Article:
Help! My hot water heater is getting bigger!
It is called bulging and it can be a potentially serious problem. Although the fix is quite simple, it may be too late to save your current water heater. This article will explain what causes water heater bulging and how to prevent it.
If your water heater looks like one of the pictures here, then it is suffering
from bulging. In order to understand why this happens, we need to consider a scientific principle called thermal expansion. Essentially, science tells us that matter can change shape, area and volume in response to a change in temperature. We all know that ice (a solid) turns to water (a liquid) and eventually steam (a vapor) when it is heated and that when most matter is heated, it will expand. Thermal expansion occurs consistently in a hot water heater. As either a flame or an electric element heats the water that is held in a water heater that water will expand in volume. As hot water is being used or consumed through a faucet, that extra volume simply passes through the open faucet. The problem comes into effect when the faucets are not open and water isn’t being consumed.
A hot water heater has a thermostat that is used to regulate the temperature of the water in the tank that is eventually delivered to your faucets. After extended periods of time, and in as little as a few hours depending on your setup, the water in the tank will begin to lose temperature. This certainly happens if you are away for a more than a day. When the thermostat senses that the temperature of the water in the tank is lower than its setting, it will turn on and begin to heat the water until it reaches its target temperature. This is completely normal- the idea is to have hot water when you need it. If hot water is not demanded however, this same cycle will repeat: the water in the tank will cool; the heater will heat the water, and so on.
Here is where the problem comes in… remembering the principle of thermal expansion, when the water is heated and increases its volume it now needs more space. If all of the faucets and taps in the house are closed (as they always will be unless someone is using them), the water system in your home is considered a closed system- essentially a loop. Since all pipes in your home are continuously filled with water, there is no place for this extra volume to go when the water is heated. Most water departments have something called a back-flow-preventer attached to the water connection that enters your home. Essentially this is a trap that only allows water to flow in one direction to prevent back-flow into the water mains. So, if every tap is closed and water in your pipes isn’t allowed to exit your home, this newly created energy will look to go somewhere. If there is a loose fitting in your home, it could blow out and cause a flood. More likely, it will want to push outwards wherever it currently is… your hot water heater! There is no guarantee that your tank will wind up looking like one of the tanks displayed in this article, but then again, there is no guarantee that it won’t… unless there is plan in place to absorb that extra volume created by the heating of the water.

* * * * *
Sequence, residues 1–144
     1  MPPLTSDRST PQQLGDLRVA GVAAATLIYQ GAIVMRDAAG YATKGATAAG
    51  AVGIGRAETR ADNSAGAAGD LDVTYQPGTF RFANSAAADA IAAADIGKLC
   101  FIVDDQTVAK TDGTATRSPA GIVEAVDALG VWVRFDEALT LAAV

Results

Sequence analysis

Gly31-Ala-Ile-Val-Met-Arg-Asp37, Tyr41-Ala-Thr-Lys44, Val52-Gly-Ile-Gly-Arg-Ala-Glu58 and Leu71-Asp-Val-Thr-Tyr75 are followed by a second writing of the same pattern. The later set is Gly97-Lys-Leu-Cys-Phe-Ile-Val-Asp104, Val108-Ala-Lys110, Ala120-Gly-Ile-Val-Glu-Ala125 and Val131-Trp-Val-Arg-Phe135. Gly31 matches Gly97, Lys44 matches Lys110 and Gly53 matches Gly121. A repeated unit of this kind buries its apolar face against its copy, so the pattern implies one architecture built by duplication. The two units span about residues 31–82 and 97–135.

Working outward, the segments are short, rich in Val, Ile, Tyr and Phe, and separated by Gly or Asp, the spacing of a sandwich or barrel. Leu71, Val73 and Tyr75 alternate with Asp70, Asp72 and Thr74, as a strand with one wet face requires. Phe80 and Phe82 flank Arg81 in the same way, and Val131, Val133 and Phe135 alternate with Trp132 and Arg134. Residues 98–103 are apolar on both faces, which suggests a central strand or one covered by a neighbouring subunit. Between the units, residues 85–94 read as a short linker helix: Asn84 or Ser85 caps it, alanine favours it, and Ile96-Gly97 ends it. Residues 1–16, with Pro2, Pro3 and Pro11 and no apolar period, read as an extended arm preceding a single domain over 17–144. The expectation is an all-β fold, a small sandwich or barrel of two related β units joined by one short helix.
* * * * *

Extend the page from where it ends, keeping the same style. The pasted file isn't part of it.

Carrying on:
The expansion tank is at the heart of that plan. If you are heating your home with a boiler, then you might already be familiar with expansion tanks, or at least what they look like. The only purpose of these devices is to absorb the extra volume that is periodically created when the temperature of water is raised. An expansion tank allows water to partially fill the tank in normal conditions. The remaining area inside of this tank is filled with air and separated by a rubber bladder. When hot water is created and expands in volume, the expansion tank pressurizes, or compresses the air, which creates additional space for the water. As the water cools, and inevitably reduces its volume, the air pressure stabilizes and takes back that additional space in the system.
Expansion tanks for hot water heaters (slightly different than those for heating systems since the water
in them needs to be potable) are relatively inexpensive (usually around $50) and are not too difficult to install. What they can provide in peace of mind against a potential flood in your home is invaluable. The installation of an expansion tank is best left to a professional who has performed these types of installations before—though with some research, an advanced DIY-ER should be able to complete this project. Part of the installation involves testing pressure in your system and charging the tank with the appropriate amount of air.
Handy Andy is always happy to take a look at your individual situation and make recommendations to improve the quality of systems in your home.